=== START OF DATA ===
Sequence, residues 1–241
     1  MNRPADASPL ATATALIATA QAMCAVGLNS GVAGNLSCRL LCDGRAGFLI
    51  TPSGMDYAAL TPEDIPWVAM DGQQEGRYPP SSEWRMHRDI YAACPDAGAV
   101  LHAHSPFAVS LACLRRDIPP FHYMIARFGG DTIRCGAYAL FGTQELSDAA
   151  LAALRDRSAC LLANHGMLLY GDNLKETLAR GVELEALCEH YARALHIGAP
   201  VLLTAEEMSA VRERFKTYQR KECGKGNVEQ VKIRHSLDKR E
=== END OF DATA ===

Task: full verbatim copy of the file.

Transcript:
Sequence, residues 1–241
     1  MNRPADASPL ATATALIATA QAMCAVGLNS GVAGNLSCRL LCDGRAGFLI
    51  TPSGMDYAAL TPEDIPWVAM DGQQEGRYPP SSEWRMHRDI YAACPDAGAV
   101  LHAHSPFAVS LACLRRDIPP FHYMIARFGG DTIRCGAYAL FGTQELSDAA
   151  LAALRDRSAC LLANHGMLLY GDNLKETLAR GVELEALCEH YARALHIGAP
   201  VLLTAEEMSA VRERFKTYQR KECGKGNVEQ VKIRHSLDKR E